We have enough to worry about in this world, gym contracts shouldn't be one of them. 

You just finished the first day at a new gym, and you’re sweaty. But it’s not from the workout. A contract was just handed off so girthy it might as well be Lenny Kravitz — and there's two suit & tie sales-bros watching the pen in your hand like it’s their favorite scene from Fight Club. They want you to sign that dotted line, but should you?

If any of that contract’s legalese seems intimidating or complicated, there's plenty of reason to be wary. According to the U.S. Federal Trade Commission (yes, this is apparently so rampant it’s on their radar) gyms that employ long term, consumer-binding contracts sometimes bamboozle their customers into bad deals through a combination of “high-pressure sales tactics, misrepresentations about facilities and services, broken cancelation policies, and lost membership fees when gyms go out of business.”

So if you’re thinking about joining a gym, or if you’ve just joined a contract gym, watch out. Gym contracts aren’t inherently corrupt. However — as with software user agreements — they are inherently corruptible, as gyms can embed them with policies that fill their pockets and harm the consumer. Planning on joining? Here are a few questions to keep in mind:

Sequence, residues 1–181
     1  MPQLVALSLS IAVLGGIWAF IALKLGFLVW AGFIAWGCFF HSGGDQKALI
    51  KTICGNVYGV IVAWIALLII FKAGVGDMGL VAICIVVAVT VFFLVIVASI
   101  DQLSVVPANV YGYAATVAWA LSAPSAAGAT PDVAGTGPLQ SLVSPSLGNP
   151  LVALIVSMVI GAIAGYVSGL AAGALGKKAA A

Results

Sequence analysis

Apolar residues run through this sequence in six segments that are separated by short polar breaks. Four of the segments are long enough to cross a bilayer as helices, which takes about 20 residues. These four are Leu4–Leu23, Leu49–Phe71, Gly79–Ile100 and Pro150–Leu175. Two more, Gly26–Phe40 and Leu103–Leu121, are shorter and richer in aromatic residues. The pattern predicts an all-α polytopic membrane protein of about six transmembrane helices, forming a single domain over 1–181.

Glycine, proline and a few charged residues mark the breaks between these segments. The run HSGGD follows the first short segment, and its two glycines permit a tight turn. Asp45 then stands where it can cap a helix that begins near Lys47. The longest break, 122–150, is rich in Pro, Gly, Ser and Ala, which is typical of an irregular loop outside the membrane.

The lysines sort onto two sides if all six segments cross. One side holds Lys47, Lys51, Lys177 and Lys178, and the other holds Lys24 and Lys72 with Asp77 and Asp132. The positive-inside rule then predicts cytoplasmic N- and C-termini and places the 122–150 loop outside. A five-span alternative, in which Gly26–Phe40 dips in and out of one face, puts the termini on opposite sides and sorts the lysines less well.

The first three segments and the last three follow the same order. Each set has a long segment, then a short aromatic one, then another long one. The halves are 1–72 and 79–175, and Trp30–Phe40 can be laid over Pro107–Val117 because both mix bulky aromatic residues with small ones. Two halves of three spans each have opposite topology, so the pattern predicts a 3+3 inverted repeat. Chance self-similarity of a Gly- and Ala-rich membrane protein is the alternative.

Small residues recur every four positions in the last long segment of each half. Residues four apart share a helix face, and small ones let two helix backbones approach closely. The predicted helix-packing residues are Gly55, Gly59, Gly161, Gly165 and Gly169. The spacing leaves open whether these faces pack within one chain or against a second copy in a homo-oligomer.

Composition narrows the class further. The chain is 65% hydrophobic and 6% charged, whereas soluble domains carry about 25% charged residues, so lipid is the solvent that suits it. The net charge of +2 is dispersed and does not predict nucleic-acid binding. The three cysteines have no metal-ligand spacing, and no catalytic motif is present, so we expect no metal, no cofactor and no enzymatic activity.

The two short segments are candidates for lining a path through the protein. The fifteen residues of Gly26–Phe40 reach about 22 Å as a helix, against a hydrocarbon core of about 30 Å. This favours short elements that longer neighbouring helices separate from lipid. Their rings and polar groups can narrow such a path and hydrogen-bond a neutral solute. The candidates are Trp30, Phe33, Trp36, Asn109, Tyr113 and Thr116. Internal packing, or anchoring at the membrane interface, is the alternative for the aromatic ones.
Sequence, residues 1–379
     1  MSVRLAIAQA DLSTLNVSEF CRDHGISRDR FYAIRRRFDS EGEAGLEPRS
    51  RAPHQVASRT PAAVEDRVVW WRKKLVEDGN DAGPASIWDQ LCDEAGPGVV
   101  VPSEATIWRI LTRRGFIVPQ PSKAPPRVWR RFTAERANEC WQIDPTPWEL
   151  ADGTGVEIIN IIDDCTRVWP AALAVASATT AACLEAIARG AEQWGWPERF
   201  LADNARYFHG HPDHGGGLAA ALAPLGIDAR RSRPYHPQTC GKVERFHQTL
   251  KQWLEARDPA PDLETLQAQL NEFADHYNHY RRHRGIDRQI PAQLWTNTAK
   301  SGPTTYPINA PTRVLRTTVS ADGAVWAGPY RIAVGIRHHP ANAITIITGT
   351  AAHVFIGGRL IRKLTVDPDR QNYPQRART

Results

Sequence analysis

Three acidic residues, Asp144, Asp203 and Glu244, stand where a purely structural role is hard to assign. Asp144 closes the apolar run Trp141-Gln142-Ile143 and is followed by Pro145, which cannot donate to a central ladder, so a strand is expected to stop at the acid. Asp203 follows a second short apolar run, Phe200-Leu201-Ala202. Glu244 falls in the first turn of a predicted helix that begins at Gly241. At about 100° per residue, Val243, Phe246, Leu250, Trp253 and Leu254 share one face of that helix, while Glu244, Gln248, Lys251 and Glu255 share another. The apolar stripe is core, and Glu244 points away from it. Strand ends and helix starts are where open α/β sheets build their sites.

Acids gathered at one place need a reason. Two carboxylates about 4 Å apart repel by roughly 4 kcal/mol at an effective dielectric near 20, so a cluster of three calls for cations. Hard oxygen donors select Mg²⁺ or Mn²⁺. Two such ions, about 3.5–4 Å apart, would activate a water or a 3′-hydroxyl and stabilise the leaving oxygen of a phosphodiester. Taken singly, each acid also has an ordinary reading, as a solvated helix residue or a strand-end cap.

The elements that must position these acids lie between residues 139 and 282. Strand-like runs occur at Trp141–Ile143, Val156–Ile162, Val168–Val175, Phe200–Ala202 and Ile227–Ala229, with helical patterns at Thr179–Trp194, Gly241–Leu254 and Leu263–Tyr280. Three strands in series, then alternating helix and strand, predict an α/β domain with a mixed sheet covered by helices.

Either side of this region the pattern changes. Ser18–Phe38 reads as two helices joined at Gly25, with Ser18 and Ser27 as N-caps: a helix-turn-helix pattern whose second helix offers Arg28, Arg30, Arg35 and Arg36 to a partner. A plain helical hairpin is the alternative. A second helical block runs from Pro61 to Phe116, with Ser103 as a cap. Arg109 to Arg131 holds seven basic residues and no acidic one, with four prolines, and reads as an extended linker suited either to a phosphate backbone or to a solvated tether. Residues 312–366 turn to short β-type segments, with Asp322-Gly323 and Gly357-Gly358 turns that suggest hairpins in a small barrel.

1. Is the contract straightforward? Are you being skeptical enough?

Make sure you understand what you’re getting into. This sounds like a no-brainer, but it’s easy to cave under that pressure when you’re in a cramped office with a pen and paper. Ask as many questions as you can. Remember, these are salesmen. They may say that you’re going to be a part of a family. Don’t believe all that sugar. You’re their bottom line, not their brother.

2. Is the cancelation policy clear? How free are you to leave?

Many gym contracts contain punitive fees for cancelations. Some will even go so far as to enlist collection agencies if you violate their terms. Make sure you know how to leave. If there’s any ambiguity regarding fees, consider it a red flag. Finally, you might consider looking for a place that doesn’t involve a long-term contract. There are plenty of gyms that offer (and advertise) easy month-to-month deals. Try one of those instead. It’s a gym, after all. It shouldn’t require this much mental muscle.

– by Paul French